One has to realise that the manner and method of studying is a personal matter and what suits one in all probability will not suit the other. No one can claim that one method is the best and the other a failure, I believe that everyone should find a way to study that they are most comfortable with and not get tensed over what others are doing. In these matters, it is best that you prepare on your own terms and not let others stress you out.

 

arijeet-mukherjee-1

You have been the Recipient of various scholarship and awards including Ram Jethmalani Scholarship for Excellence in Law of Evidence, Advocate S K Jain scholarship for topper in B.B.A.LL.B, Advocate Nani Palkhiwala Memorial Trust Award for Excellence in Constitutional Law. How did you go about achieving this?

As far as the Ram Jethmalani scholarship and Nani Palkhiwala scholarship go, I had developed an interest for topics of constitutional law and evidence law. It was due to this interest that I ended up studying these subjects in greater detail and that was perhaps the reason I was able to receive these scholarships. For the Advocate S K Jain scholarship, I owe it to the study pattern I followed throughout law school of studying smart and not mugging. I must admit that achieving these accolades was not an easy task, but then when one is interested in it the task does not seem uphill.

 

You have publications in various renowned journals. How should one go about writing papers and getting the same published?

Publications are definitely a way to gain visibility and put out your work for others to view. However, the trend of publishing something for having a fuller CV is not something I believe in. One should not write for filling up columns in one’s CV, but one should most definitely put pen to paper if one is genuinely interested in the topic.Needless to say that the quality of the article depends on the research one puts in. One important thing to bear in mind is that the articles written should not be generic “gyaan”, but the topic should be distinct and innovative, such that it arouses interest. Even if the topic is general in nature, strive to put that one additional thing that will make your article different from the others.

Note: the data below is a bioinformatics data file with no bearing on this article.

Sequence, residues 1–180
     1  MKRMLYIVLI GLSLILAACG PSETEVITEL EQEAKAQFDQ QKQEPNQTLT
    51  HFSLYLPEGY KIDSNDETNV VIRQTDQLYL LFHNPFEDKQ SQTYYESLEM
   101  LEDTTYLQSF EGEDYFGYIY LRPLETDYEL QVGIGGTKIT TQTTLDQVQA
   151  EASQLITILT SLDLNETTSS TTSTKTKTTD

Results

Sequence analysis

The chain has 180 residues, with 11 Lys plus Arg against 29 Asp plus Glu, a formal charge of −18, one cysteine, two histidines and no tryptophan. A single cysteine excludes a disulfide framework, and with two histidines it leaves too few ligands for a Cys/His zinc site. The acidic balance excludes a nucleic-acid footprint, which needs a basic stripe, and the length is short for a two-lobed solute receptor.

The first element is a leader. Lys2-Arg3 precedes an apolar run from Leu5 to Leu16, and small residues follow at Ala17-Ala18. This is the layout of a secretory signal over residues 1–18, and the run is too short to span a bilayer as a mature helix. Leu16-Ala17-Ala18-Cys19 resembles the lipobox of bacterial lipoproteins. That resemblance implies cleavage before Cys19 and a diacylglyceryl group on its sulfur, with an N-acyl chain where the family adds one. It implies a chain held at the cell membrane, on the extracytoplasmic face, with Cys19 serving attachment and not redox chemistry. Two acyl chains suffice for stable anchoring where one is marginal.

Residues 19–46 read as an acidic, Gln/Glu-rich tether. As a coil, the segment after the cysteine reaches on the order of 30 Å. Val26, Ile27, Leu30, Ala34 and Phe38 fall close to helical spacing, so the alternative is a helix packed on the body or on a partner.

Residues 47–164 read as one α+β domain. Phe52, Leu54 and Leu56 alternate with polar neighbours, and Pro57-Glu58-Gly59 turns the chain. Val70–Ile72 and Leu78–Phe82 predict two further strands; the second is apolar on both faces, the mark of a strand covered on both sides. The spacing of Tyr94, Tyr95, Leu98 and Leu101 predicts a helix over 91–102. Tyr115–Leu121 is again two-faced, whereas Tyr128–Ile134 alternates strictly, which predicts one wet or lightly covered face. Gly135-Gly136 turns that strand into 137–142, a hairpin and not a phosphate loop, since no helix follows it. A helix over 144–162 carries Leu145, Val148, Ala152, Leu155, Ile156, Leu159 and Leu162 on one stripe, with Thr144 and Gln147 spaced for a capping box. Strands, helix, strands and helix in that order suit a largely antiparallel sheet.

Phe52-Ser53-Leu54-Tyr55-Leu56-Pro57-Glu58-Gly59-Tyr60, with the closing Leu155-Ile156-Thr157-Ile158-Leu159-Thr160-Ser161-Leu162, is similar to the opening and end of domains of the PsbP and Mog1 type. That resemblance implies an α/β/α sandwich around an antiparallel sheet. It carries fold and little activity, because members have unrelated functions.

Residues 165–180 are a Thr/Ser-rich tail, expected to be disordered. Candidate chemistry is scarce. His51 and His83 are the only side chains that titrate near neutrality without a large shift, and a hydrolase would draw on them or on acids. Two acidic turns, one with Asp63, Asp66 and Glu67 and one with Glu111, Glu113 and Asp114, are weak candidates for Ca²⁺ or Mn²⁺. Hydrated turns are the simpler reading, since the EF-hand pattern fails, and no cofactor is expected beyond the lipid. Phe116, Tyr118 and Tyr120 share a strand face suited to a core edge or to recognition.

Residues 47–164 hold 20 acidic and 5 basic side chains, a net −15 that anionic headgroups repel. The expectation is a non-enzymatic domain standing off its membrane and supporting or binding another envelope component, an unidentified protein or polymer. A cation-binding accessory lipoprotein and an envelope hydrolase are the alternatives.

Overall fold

As for publishing the articles, there are immense opportunities available online, I highly recommend a thorough regular check on the internet for publication opportunities. The regular publishing hotspots usually have an overflow of interest but the unconventional ones or ones lesser known in India are the ones which must also be explored.

 

Soon after graduation, you joined Khaitan & Co. as an Associate, how did your appointment take place? What worked for you in securing the job?

I was selected for a one month internship at Khaitan & Co, Mumbai through college. I had interned in the month of March, which typically is a mad rush season for corporate law firms as it is the financial year end. This effectively meant that even as an intern I was exposed to some big ticket transactions and got opportunity to work on some quality matters. I thoroughly enjoyed my internship experience and based on the feedback, after a brief interview, I was offered a PPO in my fourth year.

Some of the most important factors that helped me get the PPO were my internship feedback, my grades and my previous internships experiences. As an associate now, I think one additional factor which is considered deeply is one’s attitude. Usually interns are simply judged by their sincerity at work, this sincerity only comes if you are enjoying the experience of interning. My earnest advice in this regard is to enjoy the internships as an experience and you will in all probability do well.

 

Any tips on how one should go about framing a C.V. and prepare for an interview?

Keep the CV short and simple, usually no one reads more than a page. Highlight what you think are your big accolades / accomplishments and sieve out the minuscule ones. It is wise to tailor your CV as per the organisation you are applying to, so that the potential employer sees synergy between what they do and what you can offer.